Coral reefs are full of flamboyantly colored creatures. But a new study finds that even the more subtly hued camouflaged species hiding in nooks and crannies have their gaudy side. You just have to know how to look at them.
Some 180 species of fish and sharks have unique structures in their skin that enable them to glow neon red, green, and orange under blue light—a process known as biofluorescence.
Unlike bioluminescence—a phenomenon whereby organisms produce their own light by way of a chemical reaction or harbor bacteria that produce the light for them—biofluorescence is a passive process that animals can't turn off and on. (Learn more about the difference between biofluorescence and bioluminescence.)
Biofluorescent animals constantly absorb blue light and re-emit it as different colors, like the brilliant green of the deep-sea-dwelling chain catshark (Scyliorhinus retifer) above. But in the absence of a yellow filter to block out the blue, the neon colors are invisible. Researchers found that some biofluorescent fish do, in fact, have green-yellow filters in their eyes, presumably for just this purpose.
"We were completely surprised to find how widespread [this ability] was," said David Gruber, a marine molecular biologist at City University of New York. "And it was most widespread in cryptic fishes," he said.
Gruber, a National Geographic grantee, and colleagues published their findings online January 8 in the journal PLOS ONE.
People don't really think about the importance of light in these environments, said study co-author John Sparks, curator of fishes at the American Museum of Natural History in New York City. Only a small portion of the ocean is lit by the sun, he said, so animals rely on other ways of generating light to communicate with each other.
The fact that this ability is so widespread across so many fish and shark species "tells us organisms are using light in ways we don't even see," Sparks noted.
"It's a hidden world that we're just now beginning to tune into," said Gruber.
Gruber and Sparks are no strangers to glowing marine creatures. Their previous work culminated in a bioluminescent display at the American Museum of Natural History from March 2012 to January 2013.
Their interest in biofluorescent fish was sparked by a green eel who happened to swim into a photo Gruber and Sparks were taking of a biofluorescent coral wall for the museum exhibit. Gruber was looking at the fluorescent coral when he noticed there was also a fluorescent fish.
"We were photobombed by a green eel," said Gruber.
They went to look at the eel in the wild, and soon discovered that all these other fish species, including the triplefin blennie above, were also biofluorescent.
Ribbon of Green
Gruber and Sparks speculate that fish fluorescence is a way for the fish to communicate within and between species.
"The ones that are biofluorescent are [mostly] the cryptically colored fish," said Sparks. To an organism that can visualize it, "these fish must stick out like a sore thumb."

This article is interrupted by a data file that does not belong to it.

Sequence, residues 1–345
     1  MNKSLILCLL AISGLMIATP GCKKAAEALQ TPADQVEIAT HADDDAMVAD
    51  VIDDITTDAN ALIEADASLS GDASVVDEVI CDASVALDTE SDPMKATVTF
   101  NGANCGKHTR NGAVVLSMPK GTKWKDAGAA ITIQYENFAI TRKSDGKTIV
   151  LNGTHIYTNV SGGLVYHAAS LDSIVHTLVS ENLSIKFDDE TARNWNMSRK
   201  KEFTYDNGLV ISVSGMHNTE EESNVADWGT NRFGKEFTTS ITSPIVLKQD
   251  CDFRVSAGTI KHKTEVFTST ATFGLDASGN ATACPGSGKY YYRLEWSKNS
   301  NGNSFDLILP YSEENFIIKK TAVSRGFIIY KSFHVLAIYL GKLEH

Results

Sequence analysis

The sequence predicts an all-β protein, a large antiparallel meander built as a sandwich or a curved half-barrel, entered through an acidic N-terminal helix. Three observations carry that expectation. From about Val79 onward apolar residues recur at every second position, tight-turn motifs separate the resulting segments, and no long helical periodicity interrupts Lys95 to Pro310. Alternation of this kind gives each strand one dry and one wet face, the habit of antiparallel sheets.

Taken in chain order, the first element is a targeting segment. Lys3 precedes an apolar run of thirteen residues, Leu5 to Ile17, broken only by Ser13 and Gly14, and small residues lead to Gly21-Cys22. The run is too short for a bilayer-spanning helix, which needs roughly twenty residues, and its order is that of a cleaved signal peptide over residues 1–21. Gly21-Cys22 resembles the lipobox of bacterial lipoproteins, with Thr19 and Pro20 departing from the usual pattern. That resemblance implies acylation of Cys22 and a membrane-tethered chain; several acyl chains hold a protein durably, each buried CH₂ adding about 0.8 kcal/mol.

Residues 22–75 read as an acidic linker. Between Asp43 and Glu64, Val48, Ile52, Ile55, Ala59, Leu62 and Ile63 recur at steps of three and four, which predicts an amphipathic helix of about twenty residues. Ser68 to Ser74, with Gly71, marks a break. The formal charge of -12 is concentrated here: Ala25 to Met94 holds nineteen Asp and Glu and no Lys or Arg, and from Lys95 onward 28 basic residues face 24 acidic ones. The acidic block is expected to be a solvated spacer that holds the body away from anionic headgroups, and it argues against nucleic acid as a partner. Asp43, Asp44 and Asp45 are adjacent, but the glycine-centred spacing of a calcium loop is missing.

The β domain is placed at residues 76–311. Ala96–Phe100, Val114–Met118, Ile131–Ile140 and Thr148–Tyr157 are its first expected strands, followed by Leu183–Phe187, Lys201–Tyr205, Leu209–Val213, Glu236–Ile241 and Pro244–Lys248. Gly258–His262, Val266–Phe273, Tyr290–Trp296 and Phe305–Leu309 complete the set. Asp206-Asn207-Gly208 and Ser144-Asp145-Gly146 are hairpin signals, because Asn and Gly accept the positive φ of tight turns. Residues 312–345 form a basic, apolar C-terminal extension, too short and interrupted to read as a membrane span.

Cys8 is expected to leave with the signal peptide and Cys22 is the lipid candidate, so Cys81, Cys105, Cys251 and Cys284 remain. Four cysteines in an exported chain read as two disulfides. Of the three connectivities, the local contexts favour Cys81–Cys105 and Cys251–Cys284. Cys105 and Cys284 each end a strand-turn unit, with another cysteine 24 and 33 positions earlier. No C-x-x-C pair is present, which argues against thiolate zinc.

The different patterns and colors of fluorescent light would be a good way of communicating secretly, since only organisms with a yellow filter in their eyes could see the flamboyant colors.
The shortfin false moray eel (Kaupichthys brachychirus) above may look unassuming under normal lighting conditions, but put it under a blue light, photograph it with a yellow filter, and it lights up like a glow stick.
There have been many anecdotal reports that fish can fluoresce, said Edith Widder, senior scientist at the Ocean Research and Conservation Association in Fort Pierce, Florida.
A few papers mentioned red fluorescence, such as that seen in the scorpionfish above. But nothing pulled together evidence from so many different fish species.
To see a formal paper putting it all together and suggesting the widespread nature of biofluorescence makes Widder happy.
"It gives [biofluorescence] a lot more credence as a phenomenon that has adaptive value," said Widder, who was not involved in the study. Being able to communicate privately is "hugely valuable," she added.
It could enable individuals of one species to signal to each other without making themselves vulnerable to predators or competitors.
Of course, fish aren't the only ones that fluoresce. So even if an animal lit up like a stoplight—like the scorpionfish above—it could still manage to blend in with the glowing corals and algae around it. (Watch a video about coral reefs that glow in the dark.)
Nico Michiels, a marine biologist at the University of Tuebingen in Germany, also studies biofluorescence in fish, but has concentrated on those that give off red light rather than green. Though he wasn’t involved in the study, he's excited about its findings. "[It's] setting the scene."
Now, he'd love to know the intensity of flourescence in the fish that Gruber and Sparks studied. This ability is a continuum that ranges from "virtually nothing—where we have difficulty deciding whether it's fluorescence or not—up to where it's glowing like hell," Michiels said. Knowing that could help figure out the function.
Some species even give off more than one color of fluorescent light. This seahorse (Hippocampus erectus) glows mostly red with green highlights concentrated around its eye.
Then there are species, like this flatfish, that have it both ways. They display mainly red fluorescence patterns on their back (shown) and green fluorescence patterns on their belly.
The yellow stripes running down the side of this bream as seen in normal lighting are reminiscent of racing stripes. But when seen from the top while fluorescing (pictured below), those yellow stripes glow green.
Researchers will need to do more work before they can pin down the functions behind fish fluorescence patterns.
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